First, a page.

Prof. Simakov explains Renewable Synthetic Fuels.

Research Motivation

Current solutions for CO2 emissions reduction mainly rely on capturing CO2 emitted from power stations and its storage. Such processes are based on CO2 separation via either amine scrubbing, pressure swing adsorption, or membrane separation followed by cryogenic liquefaction. The purified CO2 is then stored in geological formation, or used for enhanced oil recovery.

The process is energy intensive, leading to high capital and operating costs. Also, it is not clear what would be the long-term consequences of the CO2 storage in underground reservoirs. An alternative to CO2 storage is its chemical transformation into fuels and chemicals that can potentially replace (at least partially) the fossil feedstocks used in chemical industry.

Being a harmful greenhouse gas, CO2 is also an excellent source of carbon, non- flammable and non-corrosive. Resources are abundant, including flue gases from coal- and natural gas-fired power plants, biogas and landfill gas (up to 50 mol% CO2), and off-gas streams in several industrial processes such as ammonia pro- duction and fermentation. There are also large resources of CO2 accompanying natural gas and oil production wells (associated petroleum gas); this CO2 is typically vented into the atmosphere with flare gas.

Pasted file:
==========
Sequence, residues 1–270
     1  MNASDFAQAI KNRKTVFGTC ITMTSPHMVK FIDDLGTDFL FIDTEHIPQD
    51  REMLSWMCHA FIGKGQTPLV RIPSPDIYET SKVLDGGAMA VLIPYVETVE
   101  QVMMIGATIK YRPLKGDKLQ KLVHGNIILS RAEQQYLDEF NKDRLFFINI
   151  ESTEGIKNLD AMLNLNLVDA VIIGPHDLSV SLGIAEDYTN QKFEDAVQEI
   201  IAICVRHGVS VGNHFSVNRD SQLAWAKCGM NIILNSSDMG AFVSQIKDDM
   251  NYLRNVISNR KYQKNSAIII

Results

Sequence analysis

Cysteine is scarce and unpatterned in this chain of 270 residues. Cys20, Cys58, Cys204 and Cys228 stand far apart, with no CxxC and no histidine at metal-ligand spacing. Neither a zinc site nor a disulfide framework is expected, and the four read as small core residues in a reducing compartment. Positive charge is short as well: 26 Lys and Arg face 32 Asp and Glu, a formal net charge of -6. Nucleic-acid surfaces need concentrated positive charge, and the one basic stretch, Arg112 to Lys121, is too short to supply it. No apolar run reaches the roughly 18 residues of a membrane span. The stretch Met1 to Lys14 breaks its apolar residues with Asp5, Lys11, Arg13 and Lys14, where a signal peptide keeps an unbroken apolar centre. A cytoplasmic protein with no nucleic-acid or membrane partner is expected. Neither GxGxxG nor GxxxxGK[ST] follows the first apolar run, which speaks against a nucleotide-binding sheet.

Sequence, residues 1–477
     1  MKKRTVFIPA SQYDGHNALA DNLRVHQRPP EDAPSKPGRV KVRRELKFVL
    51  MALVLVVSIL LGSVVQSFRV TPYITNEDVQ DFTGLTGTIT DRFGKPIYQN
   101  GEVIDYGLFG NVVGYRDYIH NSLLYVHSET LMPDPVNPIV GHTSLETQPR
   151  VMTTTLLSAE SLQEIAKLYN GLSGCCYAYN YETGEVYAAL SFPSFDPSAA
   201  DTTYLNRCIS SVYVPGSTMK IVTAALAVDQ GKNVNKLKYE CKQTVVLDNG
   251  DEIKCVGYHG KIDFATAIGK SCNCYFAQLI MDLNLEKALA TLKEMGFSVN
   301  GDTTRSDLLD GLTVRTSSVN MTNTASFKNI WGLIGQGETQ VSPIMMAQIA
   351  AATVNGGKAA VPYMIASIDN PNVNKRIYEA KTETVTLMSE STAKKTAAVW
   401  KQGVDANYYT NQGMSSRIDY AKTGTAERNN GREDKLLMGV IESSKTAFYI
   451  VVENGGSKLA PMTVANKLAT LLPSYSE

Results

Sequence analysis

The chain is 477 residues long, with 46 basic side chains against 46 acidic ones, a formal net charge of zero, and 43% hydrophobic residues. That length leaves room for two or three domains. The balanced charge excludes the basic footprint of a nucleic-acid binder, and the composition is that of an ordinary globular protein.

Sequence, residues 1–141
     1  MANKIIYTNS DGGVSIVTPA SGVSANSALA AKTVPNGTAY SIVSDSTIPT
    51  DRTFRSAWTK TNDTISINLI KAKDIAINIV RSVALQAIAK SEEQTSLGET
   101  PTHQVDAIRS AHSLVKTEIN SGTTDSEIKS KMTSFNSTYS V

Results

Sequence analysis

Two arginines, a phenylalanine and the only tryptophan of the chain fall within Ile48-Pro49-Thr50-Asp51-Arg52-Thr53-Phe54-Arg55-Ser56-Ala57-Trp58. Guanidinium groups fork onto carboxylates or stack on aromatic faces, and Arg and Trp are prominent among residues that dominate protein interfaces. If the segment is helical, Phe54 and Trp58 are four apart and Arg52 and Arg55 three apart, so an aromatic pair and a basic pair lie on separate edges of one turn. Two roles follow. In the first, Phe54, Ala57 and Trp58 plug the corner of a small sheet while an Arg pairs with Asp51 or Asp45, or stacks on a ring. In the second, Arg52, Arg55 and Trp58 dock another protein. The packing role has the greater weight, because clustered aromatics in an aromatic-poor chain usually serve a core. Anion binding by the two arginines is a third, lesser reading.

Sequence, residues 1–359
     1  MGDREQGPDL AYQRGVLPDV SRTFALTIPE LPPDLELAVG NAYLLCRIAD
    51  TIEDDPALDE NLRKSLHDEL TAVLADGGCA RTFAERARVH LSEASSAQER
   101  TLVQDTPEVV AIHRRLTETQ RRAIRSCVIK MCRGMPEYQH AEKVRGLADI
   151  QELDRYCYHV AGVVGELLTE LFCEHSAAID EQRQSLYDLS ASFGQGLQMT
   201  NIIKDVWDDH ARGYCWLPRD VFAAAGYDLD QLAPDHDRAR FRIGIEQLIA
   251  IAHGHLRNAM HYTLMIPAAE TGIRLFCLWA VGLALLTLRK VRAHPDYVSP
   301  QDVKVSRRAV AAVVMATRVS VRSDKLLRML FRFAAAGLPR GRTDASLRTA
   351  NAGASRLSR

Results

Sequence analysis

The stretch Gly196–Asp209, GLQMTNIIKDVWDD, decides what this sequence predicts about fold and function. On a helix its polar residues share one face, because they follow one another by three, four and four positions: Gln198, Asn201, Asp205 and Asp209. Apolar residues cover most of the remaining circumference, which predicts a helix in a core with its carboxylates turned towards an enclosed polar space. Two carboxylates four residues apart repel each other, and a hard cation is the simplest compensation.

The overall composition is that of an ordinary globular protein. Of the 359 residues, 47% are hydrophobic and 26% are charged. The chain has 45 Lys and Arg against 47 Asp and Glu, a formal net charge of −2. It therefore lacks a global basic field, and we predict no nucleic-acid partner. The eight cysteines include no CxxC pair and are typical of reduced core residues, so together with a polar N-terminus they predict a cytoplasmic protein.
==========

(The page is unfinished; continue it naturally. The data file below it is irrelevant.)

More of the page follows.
Conversion Pathways

Conversion of captured CO2 into synthetic fuels and chemicals is an attractive avenue for reduction of CO2 emissions and, as such, this topic has attracted the interest of many research groups around the world. Many research efforts have focused on photochemical and electrochemical reduction of CO2 into a variety of products, including formic acid and methanol, in aqueous environments using water as a source of H2 for CO2 reduction. This approach is apparently attractive as it only uses water and CO2 as the starting materials and the sun or (potentially) renewable electricity as a source of energy. However, photochemical CO2 reduction has inherent limitations of solar energy utilization, while electro-chemical reduction of CO2 has low efficiencies of electricity utilization. Both processes are limited by low CO2 solubility in water and have severe diffusion limitations. An alternative approach is thermocatalytic conversion that combines the use of high temperatures with a heterogeneous catalyst, providing fast reaction rates and, therefore, allowing for large volume production.